What makes a restaurant veggie friendly?
I've been to steakhouses which were veggie friendly and Italian restaurants which weren't. As a cook, foodie, and 15 year vegetarian, I'm a firm believer that accommodating vegetarians can be easily done by just about any restaurant. (I'd love to see every restaurant accommodate vegans too, but that's going to take more time.)
1. Knowledgeable staff
If I ask whether an item is vegetarian and the wait staff says "Um, yeah, sure it is" I start focusing on the green salads for dinner and never come back. If I ask and they answer "No, it has worscheshire sauce" I've found a new home. Vegetarians don't expect wait staff to have the ingredients memorized, but we do need the first reaction to be "I'll check with the chef" instead of a guess.
2. Minimal land mines
If the only non-vegetarian ingredient is a meat stock, why not substitute a vegetable stock? If butter is the only non-vegan ingredient, why not use margarine or an oil? I'm always astonished by the number of menus which would become veggie friendly with that simple change. Vegetarians have a wide range of experience in asking ingredient questions, so don't assume that a failure to fully interrogate the waiter means a lack of caring. When you can, make it easy on us—if a dish's description looks vegetarian, try to make sure it is. And if you've got a section labeled as "Vegetarian" on the menu, do make sure the dishes don't contain fish sauce before you make someone sick.
3. Always offering a veggie item
Try to have at least one vegetarian appetizer, salad, and entree on your menu all the time. This gives us a choice, because if the entree doesn't appeal we can always make a meal of the appetizer and salad. For casual places, note that veggie burgers are not always comfortable as we know most grills don't maintain a meat-free zone.
4. The words "vegetarian" or "vegetable stock" somewhere on the menu
When I scope out a menu, I scan for items which look vegetarian, read their descriptions, and look for footnotes. I love places that identify the type of stock in a vegetable based item (those land mines), or explicitly put "vegetarian" in the description of the entree I can eat. Some places just go with footnotes that a vegetarian menu is available or that they accommodate special diets such as vegetarian and diabetic.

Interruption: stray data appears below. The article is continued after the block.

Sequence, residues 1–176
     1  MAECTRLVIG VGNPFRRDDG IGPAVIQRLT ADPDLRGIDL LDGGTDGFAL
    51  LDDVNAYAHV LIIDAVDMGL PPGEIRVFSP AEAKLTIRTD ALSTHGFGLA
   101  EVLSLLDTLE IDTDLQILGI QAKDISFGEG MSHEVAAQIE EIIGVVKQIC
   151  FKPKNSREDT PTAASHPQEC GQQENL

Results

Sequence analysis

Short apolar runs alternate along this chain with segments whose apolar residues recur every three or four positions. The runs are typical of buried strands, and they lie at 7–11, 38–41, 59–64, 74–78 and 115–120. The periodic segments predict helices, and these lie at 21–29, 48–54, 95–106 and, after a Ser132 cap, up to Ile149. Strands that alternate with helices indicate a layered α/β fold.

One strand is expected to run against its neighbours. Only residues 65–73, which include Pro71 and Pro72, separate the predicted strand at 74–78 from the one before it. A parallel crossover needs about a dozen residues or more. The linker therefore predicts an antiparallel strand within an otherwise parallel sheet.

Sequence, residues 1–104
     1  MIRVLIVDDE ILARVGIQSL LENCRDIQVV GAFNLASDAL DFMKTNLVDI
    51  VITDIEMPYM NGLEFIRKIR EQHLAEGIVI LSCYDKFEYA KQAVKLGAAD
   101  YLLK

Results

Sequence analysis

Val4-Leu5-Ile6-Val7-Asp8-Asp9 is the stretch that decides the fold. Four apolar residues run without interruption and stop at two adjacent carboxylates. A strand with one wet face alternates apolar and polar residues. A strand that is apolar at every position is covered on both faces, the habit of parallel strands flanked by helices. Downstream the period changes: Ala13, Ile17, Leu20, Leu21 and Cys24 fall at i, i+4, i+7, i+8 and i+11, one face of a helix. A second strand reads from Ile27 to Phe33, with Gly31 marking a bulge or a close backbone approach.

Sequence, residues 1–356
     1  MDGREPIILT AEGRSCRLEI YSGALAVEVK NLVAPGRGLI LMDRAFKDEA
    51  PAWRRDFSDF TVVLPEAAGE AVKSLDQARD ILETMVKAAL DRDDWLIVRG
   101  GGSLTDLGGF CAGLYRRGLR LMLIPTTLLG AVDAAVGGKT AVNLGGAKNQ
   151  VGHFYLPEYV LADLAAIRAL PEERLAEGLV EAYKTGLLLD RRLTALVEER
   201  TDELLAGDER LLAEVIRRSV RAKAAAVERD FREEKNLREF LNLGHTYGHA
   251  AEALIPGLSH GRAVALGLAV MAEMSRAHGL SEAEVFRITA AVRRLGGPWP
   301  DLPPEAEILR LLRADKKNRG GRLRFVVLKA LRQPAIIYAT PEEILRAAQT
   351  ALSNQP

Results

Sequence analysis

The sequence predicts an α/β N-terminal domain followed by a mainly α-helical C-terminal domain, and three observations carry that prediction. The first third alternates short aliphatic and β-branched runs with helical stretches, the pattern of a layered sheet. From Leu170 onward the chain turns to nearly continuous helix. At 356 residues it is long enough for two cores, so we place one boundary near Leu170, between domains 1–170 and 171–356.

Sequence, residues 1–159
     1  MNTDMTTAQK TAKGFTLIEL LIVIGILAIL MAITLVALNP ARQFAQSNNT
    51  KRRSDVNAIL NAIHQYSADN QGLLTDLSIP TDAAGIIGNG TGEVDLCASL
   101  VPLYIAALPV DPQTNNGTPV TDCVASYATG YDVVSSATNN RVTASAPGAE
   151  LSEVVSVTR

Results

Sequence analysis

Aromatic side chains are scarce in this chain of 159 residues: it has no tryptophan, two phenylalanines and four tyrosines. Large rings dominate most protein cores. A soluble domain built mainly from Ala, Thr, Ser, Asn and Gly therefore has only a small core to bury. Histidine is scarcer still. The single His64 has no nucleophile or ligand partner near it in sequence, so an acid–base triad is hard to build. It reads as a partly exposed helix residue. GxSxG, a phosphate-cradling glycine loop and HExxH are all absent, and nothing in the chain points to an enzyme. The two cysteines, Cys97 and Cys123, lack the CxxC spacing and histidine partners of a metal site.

5. Get a Web site
The Internet has become a life-saver for business trips because I can spend 30 minutes online and ferret out a few local restaurants which have interesting food and vegetarian options—instead of ending up at Olive Garden. Web sites don't have to be complex, all we need is a menu, hours, and location. The site also has to be visible, so make sure it's in your profile in directories such as Citysearch, Trip Advisor, local chamber of commerce sites, and reviews. If your menu changes frequently, either put a "sample menu" up or make sure your Web designer sets you up with a design that's easy to update (which they should do anyway these days). Likewise, post the menu in the window for when I'm wandering by.
For any restaurant wondering why they should bother with all this, here's the business side.
While vegetarians are few in number compared to omnivores—especially in some parts of the country—we have veto rights on restaurant selections. Yup, it's not just whether you're getting my meal, it's whether I'm bringing my friends, family, and business colleagues. True, that vegetarian entree you tried out a while back may not have been as popular as something else you could offer, but if you consistently have a vegetarian offering you become an option to a segment which would otherwise ignore your establishment. And if you can develop vegetarian entrees which are more than mixed veggies dumped on fettuccini, you'll discover the omnivores will order them too.
Also, if you're thinking all vegetarians are broke hippies, come forward a few decades. Last time I checked, broke hippies do not eat at Rover's, Cafe Flora, Wild Ginger, Carmelita, Chiso, CinCin, Vij's, Hangawi, Greens, Monsoon... Finding demographics is difficult, but here's a summary from several food industry studies.
So, did I miss anything? What makes a restaurant veggie friendly to you?